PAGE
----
If you have a living donor, you'll schedule the operation in advance. You and your donor will be operated on at the same time, usually in side-by-side rooms. One team of surgeons will perform the nephrectomy-that
is, the removal of the kidney from the donor-while another prepares the recipient for placement of the donated kidney.
The operation is different depending on whether it is done by "open or by laparoscopy." In either case, an incision is made into the person's side, the blood vessels to the kidney are tied off, and the ureter
(tube from the kidney to the bladder) is tied off and the kidney is taken out. Typically patients recover from laparoscopic surgery within a week and from the open surgery within a couple of weeks.
You'll be given a general anesthetic to make you sleep during the operation, which usually takes 3 or 4 hours. The surgeon places the new kidney inside your lower abdomen and connects the artery and vein
of the new kidney to your artery and vein. The ureter from the new kidney will be connected to your bladder. Your blood flows through the new kidney, which makes urine, just like your own kidneys did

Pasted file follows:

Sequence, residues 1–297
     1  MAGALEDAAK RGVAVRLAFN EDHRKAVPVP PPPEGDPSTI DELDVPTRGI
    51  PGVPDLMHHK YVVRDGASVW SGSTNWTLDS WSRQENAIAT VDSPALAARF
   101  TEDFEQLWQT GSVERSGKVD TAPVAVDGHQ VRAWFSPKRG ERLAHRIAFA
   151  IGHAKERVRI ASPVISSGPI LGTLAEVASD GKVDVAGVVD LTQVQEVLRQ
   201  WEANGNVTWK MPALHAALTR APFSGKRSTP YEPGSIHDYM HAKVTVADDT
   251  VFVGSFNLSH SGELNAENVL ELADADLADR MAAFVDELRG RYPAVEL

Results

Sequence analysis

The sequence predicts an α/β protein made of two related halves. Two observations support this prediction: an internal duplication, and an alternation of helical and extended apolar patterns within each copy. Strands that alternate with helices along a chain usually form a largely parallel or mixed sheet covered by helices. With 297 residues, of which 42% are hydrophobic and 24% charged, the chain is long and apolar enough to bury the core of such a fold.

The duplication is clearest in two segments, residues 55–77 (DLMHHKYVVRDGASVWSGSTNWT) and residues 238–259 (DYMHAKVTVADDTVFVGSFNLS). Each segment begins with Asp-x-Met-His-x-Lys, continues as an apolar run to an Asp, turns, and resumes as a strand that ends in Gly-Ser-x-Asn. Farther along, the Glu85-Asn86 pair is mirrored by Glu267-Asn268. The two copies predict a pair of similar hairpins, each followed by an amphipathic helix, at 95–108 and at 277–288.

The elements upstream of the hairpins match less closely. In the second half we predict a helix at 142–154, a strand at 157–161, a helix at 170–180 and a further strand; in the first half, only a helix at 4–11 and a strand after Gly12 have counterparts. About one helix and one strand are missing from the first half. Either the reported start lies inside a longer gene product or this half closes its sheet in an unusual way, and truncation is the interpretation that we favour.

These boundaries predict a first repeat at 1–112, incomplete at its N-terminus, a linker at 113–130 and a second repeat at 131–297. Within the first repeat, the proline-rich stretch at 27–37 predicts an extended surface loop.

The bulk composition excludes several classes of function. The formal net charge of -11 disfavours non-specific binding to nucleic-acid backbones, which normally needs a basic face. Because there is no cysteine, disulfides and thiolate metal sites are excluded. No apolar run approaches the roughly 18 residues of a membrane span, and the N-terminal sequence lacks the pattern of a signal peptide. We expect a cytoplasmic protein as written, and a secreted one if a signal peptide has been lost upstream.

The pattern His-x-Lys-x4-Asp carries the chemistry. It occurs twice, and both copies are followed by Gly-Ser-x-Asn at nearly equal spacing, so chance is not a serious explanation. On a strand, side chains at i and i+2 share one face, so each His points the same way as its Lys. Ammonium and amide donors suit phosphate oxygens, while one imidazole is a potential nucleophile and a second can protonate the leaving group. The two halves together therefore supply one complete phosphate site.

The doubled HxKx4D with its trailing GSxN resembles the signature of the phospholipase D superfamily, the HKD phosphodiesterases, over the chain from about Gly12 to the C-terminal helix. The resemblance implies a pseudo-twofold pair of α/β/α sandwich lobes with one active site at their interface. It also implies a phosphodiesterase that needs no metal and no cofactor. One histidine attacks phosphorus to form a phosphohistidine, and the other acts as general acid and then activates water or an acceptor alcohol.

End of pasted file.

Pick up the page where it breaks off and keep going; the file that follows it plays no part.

when they were healthy. Unless they are causing infection or high blood pressure, your own kidneys are not removed.
Often, the new kidney will start making urine as soon as your blood starts flowing through it, but sometimes a few weeks pass before it starts working.
As after any major surgery, you'll probably feel some pain when you wake up. However, many transplant recipients report feeling much better immediately after surgery. Even if you wake up feeling great, you'll
need to stay in the hospital for about a week to recover from surgery, and longer if you have any complications.